Skip to main content

Fatal Flaws – Jay Ingram ****

There is no doubt that Jay Ingram knows how to make a story dramatic, and he does so with all guns blazing in Fatal Flaws, the story of the discovery of the (probable) causes ofprion-based diseases kuru, scrapie, CJD and BSE.
The first half or more of this book reads wonderfully well at a good pace, exploring the detective story behind the suspicions that these diseases were some how transmittable despite not appearing to involve bacteria or virus – in fact any sign of conventional infection. Ingram focuses on two fascinating areas: what prions are and how they could cause such terrible diseases, and the nature of scientific discovery, warts and all. He profitably spends plenty of time on the less salubrious aspects of academic rivalry and the vastly different approaches of some grandstanding scientists and other solid, behind the scenes workers.
From the offset I thought this was a great book. I have a low tolerance for medical matters, but prions and the nature of their means of attack and transmission are so fascinating that this pushed any medical squeamishness out of the way, as did the biographical detail. After all these appear to be proteins with no DNA component that somehow manage to reproduce, running contrary to what could be regarded as a dogmatic aspect of biology. In a horrible way, prions and their ability to interfere with the way other proteins fold are things of wonder.
Only one thing grated – Ingram insists on telling us over and over again what he is doing and how he is going about it. This is mildly irritating. Also the later part of the book, where he looks at the deer equivalent of BSE and goes through a whole set on chapters on brain diseases that are like prion-based diseases with no obvious prion contribution gets a little tedious and lacks all the storytelling and drive of the earlier section.
All in all, despite these minor failings it’s a gripping read on prions, kuru and BSE, and really gives food for thought on the way we go about science. Recommended.

Hardback 

Kindle 
Using these links earns us commission at no cost to you
Review by Brian Clegg

Comments

Popular posts from this blog

Artificial Intelligence - Melanie Mitchell *****

As Melanie Mitchell makes plain, humans have limitations in their visual abilities, typified by optical illusions, but artificial intelligence (AI) struggles at a much deeper level with recognising what's going on in images. Similarly in some ways, the visual appearance of this book misleads. It's worryingly fat and bears the ascetic light blue cover of the Pelican series, which since my childhood have been markers of books that were worthy but have rarely been readable. This, however, is an excellent book, giving a clear picture of how many AI systems go about their business and the huge problems designers of such systems face.

Not only does Mitchell explain the main approaches clearly, her account is readable and engaging. I read a lot of popular science books, and it's rare that I keep wanting to go back to one when I'm not scheduled to be reading it - this is one of those rare examples.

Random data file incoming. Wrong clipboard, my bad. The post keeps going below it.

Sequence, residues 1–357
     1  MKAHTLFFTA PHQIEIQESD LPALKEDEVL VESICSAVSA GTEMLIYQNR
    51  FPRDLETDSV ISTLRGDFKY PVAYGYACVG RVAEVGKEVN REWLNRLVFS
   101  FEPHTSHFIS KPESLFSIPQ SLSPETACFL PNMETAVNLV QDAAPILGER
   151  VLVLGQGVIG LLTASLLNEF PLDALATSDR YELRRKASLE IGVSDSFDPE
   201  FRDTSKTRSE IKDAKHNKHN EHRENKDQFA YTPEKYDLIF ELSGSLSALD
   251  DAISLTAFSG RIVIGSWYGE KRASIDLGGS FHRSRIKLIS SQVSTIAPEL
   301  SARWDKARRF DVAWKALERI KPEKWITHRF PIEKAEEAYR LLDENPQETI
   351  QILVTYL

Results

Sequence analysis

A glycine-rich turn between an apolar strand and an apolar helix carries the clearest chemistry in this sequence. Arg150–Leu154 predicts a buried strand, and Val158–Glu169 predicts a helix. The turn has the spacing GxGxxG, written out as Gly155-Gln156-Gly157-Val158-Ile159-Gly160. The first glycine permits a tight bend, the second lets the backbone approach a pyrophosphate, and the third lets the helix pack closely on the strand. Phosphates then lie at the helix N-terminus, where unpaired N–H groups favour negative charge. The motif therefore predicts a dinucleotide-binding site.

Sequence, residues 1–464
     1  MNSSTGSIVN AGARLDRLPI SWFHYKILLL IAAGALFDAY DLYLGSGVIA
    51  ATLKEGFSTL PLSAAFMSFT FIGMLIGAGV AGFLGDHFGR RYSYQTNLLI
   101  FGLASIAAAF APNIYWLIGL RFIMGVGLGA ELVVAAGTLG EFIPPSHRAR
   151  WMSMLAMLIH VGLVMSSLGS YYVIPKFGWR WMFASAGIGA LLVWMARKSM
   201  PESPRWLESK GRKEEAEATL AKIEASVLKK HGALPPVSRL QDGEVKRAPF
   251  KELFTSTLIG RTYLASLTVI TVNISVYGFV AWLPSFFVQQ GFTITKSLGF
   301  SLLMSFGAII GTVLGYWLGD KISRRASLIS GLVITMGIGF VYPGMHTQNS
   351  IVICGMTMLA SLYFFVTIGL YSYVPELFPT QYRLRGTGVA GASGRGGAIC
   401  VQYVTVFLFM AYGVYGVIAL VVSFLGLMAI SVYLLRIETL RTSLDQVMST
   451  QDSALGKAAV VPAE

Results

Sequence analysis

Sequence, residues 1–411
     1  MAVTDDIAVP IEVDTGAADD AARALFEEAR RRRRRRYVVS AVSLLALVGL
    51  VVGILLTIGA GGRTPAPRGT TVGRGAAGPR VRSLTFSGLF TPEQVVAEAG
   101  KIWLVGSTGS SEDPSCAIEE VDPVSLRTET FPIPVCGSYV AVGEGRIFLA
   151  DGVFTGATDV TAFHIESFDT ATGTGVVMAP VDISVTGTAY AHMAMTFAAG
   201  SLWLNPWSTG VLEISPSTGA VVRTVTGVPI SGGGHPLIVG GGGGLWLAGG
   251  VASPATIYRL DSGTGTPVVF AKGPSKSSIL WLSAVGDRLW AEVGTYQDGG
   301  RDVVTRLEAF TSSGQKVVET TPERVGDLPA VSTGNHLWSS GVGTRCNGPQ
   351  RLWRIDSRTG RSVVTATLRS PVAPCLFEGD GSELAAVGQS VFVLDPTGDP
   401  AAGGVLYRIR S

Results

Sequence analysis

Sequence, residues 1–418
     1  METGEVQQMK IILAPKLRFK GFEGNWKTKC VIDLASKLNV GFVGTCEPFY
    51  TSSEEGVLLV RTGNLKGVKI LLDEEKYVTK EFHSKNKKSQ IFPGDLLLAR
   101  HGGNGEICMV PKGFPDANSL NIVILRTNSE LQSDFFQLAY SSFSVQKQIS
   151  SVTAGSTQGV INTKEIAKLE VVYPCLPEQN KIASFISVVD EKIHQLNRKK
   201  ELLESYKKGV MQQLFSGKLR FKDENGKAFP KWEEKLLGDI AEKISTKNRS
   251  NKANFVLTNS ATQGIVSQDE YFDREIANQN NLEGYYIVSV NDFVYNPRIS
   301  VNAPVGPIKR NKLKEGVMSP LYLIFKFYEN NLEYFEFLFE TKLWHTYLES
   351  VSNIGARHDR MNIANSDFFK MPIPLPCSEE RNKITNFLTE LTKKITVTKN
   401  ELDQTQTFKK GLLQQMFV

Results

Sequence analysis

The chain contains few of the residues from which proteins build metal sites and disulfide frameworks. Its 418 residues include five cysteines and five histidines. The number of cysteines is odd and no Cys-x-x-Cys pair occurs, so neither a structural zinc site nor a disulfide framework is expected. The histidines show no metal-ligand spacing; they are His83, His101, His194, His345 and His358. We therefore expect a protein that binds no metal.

We discover how AI researchers have achieved the apparently remarkable abiliti…

The Art of Statistics - David Spiegelhalter *****

Statistics have a huge impact on us - we are bombarded with them in the news, they are essential to medical trials, fundamental science, some court cases and far more. Yet statistics is also a subject than many struggle to deal with (especially when the coupled subject of probability rears its head). Most of us just aren't equipped to understand what we're being told, or to question it when the statistics are dodgy. What David Spiegelhalter does here is provide a very thorough introductory grounding in statistics without making use of mathematical formulae*. And it's remarkable.

What will probably surprise some who have some training in statistics, particularly if (like mine) it's on the old side, is that probability doesn't come into the book until page 205. Spiegelhalter argues that as probability is the hardest aspect for us to get an intuitive feel for, this makes a lot of sense - and I think he's right. That doesn't mean that he doesn't cover all …

Colin Stuart - Four Way Interview

Colin Stuart is an astronomy journalist, author and science communicator. He has written fourteen science books to date, which have been translated into nineteen languages, including 13 Journeys Through Space and Time: Christmas Lectures From the Royal Institution and The Universe in Bite-sized Chunks both published by Michael O’Mara Books. He also has written for the Guardian, the European Space Agency and New Scientist and has spoken on Sky News, BBC News and Radio 5 Live. He is a fellow of the Royal Astronomical Society and even has an asteroid named after him. His latest title is Rebel Star: our quest to solve the great mysteries of the Sun.

Why science? 

For me the stories that you can tell with modern science rival the most imaginative leaps in fiction. The secret, invisible kingdoms of bacteria and sub-atomic particles. The logic defying realms of black holes and Big Bangs. That excites me more than Hogwarts or Mordor. The universe is an amazing place and we’ve only just scratche…